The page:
Nothing special, to be sure, but at half off of what the 100 year old fixer-uppers can command in bidding wars, what were you expecting??
Were these same homes below or around a million just 3 years ago when folks were too chicken to go above $950K for one? They sure were!! Even after those closed, another one was getting beat up off-market too. Maybe now folks will get the picture. One owner on the corner over here is even rumored to want $3M!! That's certainly a stretch, but can you blame 'em?? This is one of the most primely-located, not in need of a gut renovation 3-Families you'll ever see in Fort Greene. The fact that it's asking only 15% more than what the last one sold for (and may even go cheaper than that) is just icing on the cake compared to the 2 & 3 baggers we've seen out in Bed-Stuy.
Can't forget the parking space! Vinyl-siding on the rear facade with a nice wood deck to boot...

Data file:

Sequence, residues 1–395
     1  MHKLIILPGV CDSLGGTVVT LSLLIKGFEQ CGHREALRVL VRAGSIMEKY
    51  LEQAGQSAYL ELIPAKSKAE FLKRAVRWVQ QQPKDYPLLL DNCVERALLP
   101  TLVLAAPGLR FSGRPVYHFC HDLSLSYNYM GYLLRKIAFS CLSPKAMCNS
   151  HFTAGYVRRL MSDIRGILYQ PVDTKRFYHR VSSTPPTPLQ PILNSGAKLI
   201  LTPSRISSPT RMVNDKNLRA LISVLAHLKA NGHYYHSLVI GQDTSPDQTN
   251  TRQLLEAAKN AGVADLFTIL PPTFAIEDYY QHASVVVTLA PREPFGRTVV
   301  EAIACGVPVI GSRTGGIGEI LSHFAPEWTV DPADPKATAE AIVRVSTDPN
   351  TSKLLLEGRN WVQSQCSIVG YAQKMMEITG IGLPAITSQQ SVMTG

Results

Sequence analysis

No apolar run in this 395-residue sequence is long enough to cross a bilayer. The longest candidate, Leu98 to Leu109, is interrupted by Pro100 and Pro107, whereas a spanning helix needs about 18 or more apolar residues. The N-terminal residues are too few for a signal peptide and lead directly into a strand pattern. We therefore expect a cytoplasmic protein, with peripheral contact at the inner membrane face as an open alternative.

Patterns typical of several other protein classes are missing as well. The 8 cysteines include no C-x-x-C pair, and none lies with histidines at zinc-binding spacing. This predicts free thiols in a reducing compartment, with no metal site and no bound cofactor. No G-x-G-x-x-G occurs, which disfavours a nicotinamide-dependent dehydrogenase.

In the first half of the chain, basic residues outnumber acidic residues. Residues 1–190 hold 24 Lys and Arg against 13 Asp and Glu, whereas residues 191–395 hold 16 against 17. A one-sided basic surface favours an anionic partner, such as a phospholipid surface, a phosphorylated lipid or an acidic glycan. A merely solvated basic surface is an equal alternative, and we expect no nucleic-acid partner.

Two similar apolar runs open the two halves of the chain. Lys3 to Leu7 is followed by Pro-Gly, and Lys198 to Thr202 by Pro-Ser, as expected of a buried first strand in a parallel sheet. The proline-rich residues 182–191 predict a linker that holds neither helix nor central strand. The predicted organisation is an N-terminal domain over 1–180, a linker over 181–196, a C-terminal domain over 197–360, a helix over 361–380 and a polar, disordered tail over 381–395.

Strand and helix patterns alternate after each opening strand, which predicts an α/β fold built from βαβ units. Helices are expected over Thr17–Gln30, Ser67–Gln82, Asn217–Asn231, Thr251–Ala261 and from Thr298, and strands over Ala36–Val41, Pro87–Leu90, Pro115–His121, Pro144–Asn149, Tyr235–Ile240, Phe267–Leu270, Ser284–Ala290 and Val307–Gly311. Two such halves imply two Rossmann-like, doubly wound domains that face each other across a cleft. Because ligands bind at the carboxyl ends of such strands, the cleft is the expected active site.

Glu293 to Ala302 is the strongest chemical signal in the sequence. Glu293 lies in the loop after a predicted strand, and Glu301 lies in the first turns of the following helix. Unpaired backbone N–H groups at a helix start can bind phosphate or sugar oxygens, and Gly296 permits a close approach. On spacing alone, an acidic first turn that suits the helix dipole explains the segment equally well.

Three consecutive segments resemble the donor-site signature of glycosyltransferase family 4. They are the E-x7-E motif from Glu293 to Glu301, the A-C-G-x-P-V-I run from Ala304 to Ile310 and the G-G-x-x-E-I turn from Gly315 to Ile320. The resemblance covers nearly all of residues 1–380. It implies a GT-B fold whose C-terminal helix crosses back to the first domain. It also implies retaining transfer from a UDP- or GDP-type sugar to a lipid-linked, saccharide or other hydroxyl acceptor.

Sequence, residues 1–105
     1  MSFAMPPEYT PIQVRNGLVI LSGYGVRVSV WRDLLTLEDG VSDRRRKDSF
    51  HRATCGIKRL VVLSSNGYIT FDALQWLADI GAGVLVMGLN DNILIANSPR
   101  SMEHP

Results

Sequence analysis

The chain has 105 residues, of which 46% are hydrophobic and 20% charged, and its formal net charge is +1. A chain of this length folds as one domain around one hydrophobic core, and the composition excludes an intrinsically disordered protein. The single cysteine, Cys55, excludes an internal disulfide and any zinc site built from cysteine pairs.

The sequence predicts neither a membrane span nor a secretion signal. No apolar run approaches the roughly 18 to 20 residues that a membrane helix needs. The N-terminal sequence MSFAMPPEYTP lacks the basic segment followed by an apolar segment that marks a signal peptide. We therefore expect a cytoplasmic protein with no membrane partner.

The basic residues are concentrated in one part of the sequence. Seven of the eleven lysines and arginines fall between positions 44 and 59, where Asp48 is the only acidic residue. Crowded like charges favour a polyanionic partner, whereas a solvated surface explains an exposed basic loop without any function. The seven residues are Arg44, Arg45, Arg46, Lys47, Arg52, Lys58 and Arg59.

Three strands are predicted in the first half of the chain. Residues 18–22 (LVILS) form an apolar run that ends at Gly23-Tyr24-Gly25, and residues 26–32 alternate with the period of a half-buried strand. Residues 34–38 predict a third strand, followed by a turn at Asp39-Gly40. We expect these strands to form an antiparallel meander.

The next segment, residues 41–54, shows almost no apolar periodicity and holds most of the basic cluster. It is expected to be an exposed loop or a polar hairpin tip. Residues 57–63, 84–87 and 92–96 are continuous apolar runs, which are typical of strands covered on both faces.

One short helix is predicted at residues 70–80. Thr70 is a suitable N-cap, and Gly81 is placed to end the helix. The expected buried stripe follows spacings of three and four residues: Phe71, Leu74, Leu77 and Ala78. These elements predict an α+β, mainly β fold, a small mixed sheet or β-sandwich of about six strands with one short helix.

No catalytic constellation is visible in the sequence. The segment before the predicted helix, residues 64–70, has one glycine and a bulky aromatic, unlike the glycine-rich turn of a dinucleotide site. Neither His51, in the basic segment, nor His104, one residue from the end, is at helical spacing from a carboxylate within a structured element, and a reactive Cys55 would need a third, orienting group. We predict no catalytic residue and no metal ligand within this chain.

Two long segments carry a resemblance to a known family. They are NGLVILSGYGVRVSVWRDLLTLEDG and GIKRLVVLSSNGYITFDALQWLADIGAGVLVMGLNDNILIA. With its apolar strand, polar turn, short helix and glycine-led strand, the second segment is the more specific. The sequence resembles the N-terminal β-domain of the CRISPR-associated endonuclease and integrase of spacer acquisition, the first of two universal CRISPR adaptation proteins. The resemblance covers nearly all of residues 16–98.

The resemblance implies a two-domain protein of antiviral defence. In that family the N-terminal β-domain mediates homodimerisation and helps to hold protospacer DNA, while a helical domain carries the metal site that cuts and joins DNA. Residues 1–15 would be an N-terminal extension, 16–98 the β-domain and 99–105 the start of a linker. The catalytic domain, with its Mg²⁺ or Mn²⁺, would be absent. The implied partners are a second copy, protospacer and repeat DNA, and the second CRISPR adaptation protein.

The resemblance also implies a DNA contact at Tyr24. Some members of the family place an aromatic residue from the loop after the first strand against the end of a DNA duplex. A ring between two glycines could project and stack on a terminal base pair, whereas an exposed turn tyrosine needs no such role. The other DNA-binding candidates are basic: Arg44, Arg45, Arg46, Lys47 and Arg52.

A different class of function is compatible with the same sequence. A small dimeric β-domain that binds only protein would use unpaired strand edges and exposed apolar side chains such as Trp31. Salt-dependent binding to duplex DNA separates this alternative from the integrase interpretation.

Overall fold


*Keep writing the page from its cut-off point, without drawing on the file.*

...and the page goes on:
For the right buyer, this is a no brainer. For the would-be buyers, this might just be another notch on their woulda/coulda/didn't belt.
Pro's: Fort Greene's most affordable 3-Family, parking, rear deck, no 100 year old house problems, may have some price flexibility, rental income potential, delivered vacant, seller will credit some funds for the wood floor repairs
Con's: pretty generic interior, water damage to some floors, not the most spectacular construction, no huge green backyard, asking over $700K more than people thought these were worth 3 years ago, across the streets from the projects
Ideally: another year brings another great alternative to historic Fort Greene homes, situated in quaint little Atlantic Commons, still trading at an amazing relative discount to its neighbors
Friday, April 11, 2014